Report the breaking of planning rules

The role of the Planning Enforcement team is to deal with alleged breaches of planning that are reported by members of the public, councillors or other departments of the council.

We also monitor conditions that have been imposed upon planning permissions and check, that development is being built in accordance with the planning permission.

The enforcement service operates within the policies set out in the National Planning Policy Framework. This assists in the effective management of the Planning Enforcement team and helps to make best use of the available resources.

The council's decision to take enforcement action is discretionary and each decision to do so has to be justified as ‘proportionate' and ‘expedient'. This means that any action must be appropriate to the amount of harm caused by the alleged breach. Planning enforcement action cannot be taken simply because there has been a breach, particularly where this results in limited or no harm to local amenity

The Planning Enforcement team can consider issues including:

  • unauthorised development or uses
  • unauthorised works to a listed building - both internal and external works
  • unauthorised display of advertisements
  • non-compliance with planning permissions
  • untidy sites where these are considered to be detrimental to local amenity
  • works to trees, where they are protected by a Tree Preservation Order or are located in a conservation area.

Not all development requires consent. A great deal of building work can be undertaken without the need for planning permission. This development is commonly referred to as ‘permitted development'.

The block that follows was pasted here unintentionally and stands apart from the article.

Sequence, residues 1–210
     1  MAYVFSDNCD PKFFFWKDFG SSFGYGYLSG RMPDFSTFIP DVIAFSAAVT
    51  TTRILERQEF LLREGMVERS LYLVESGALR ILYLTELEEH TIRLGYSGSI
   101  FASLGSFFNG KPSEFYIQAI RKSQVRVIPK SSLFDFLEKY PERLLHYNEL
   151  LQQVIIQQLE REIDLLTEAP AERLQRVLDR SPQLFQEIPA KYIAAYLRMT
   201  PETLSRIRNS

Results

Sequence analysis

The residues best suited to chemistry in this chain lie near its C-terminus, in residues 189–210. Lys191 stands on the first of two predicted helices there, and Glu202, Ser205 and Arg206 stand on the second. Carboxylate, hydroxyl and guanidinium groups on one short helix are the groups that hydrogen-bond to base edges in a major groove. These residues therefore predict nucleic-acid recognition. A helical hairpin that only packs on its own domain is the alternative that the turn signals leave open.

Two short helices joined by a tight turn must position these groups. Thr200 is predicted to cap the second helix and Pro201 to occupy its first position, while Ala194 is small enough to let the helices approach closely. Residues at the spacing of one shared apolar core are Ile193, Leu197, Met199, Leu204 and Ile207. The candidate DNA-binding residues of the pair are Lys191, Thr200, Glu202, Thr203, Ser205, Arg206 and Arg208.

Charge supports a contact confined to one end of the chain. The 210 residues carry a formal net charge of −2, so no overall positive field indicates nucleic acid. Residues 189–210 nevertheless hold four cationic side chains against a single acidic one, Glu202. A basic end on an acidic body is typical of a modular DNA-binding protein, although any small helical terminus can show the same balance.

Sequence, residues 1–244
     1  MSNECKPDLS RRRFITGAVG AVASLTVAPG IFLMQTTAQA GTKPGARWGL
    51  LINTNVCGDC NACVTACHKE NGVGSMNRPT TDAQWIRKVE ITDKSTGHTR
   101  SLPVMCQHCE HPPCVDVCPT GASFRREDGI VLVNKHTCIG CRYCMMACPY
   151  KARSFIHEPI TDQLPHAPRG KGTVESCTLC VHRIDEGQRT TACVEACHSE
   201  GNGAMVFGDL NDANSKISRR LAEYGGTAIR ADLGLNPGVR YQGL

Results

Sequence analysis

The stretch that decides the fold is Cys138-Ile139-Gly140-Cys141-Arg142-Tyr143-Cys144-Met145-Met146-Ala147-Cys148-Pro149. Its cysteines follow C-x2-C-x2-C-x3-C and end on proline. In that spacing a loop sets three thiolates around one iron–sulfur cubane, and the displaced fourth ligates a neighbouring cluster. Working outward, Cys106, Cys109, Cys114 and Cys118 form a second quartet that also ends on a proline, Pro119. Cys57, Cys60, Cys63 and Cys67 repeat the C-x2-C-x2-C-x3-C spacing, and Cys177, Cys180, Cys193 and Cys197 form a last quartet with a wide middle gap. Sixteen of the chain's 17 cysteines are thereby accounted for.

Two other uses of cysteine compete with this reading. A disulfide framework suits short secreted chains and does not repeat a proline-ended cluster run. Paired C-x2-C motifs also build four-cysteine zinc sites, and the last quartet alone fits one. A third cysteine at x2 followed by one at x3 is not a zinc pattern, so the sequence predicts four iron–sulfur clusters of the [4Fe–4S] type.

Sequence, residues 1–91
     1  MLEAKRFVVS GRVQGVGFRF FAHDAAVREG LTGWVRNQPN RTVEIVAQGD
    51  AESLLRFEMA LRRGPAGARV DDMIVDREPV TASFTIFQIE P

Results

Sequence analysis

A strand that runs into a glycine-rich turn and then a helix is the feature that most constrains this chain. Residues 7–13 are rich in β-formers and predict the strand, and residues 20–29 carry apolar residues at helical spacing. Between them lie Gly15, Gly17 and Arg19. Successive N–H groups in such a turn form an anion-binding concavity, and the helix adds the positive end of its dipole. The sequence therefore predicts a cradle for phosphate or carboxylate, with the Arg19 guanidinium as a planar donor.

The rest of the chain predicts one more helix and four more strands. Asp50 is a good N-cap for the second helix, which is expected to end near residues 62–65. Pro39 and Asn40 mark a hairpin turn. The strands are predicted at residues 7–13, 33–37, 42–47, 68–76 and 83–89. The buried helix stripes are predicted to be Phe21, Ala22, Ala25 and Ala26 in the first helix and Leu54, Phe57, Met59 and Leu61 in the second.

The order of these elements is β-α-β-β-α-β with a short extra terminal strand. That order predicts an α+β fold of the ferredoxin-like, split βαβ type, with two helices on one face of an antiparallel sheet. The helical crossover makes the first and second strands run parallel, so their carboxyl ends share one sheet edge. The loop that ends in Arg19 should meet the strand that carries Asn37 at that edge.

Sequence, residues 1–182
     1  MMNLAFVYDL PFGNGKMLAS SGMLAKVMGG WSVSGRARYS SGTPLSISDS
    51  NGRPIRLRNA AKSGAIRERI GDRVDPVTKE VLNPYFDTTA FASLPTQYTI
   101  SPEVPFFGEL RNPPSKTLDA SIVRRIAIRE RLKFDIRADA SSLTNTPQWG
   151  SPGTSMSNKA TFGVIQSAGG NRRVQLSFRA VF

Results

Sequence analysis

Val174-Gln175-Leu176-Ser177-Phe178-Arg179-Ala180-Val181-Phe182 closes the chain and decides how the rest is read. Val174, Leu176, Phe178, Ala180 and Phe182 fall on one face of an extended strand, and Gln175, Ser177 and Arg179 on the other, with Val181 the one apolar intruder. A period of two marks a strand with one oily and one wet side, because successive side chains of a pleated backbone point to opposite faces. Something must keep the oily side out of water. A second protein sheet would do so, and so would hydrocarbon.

A breach of planning control occurs where planning permission is not obtained before development takes place (where it is not permitted development). This is not necessarily a criminal act.

The display of advertisements, work to protected trees or listed buildings which have taken place without consent is a criminal offence and can be prosecuted in the magistrates' court or a higher court. Such breaches can result in significant fines, an award of costs against the perpetrator and potentially a prison sentence.

Complainants must provide their name and address before any complaint is investigated. This will enable the council to update the complainant about the outcome of its investigation. The complainant's details will be kept confidential. Anonymous complaints will not be accepted.

What information is required for an alleged breach to be investigated?

  • The address of the land or building where the breach is alleged to have taken place.
  • Details of the alleged breach.
  • The name and address of the complainant..
  • Details of how the alleged breach is having an impact you
  • Please include photographs if you are able to do so.
  • Any additional relevant information or details of other interested parties.

What are the stages of an investigation?

  • Each enforcement enquiry will be prioritised 1 (high), 2 (medium) according to the nature of the alleged breach and the degree of harm caused. Individual cases may be re-prioritised as the investigation proceeds.
  • Research on the property will be carried out, including the planning history. Enquiries will be made, in order to establish the details of the owner or anyone with an interest in the land.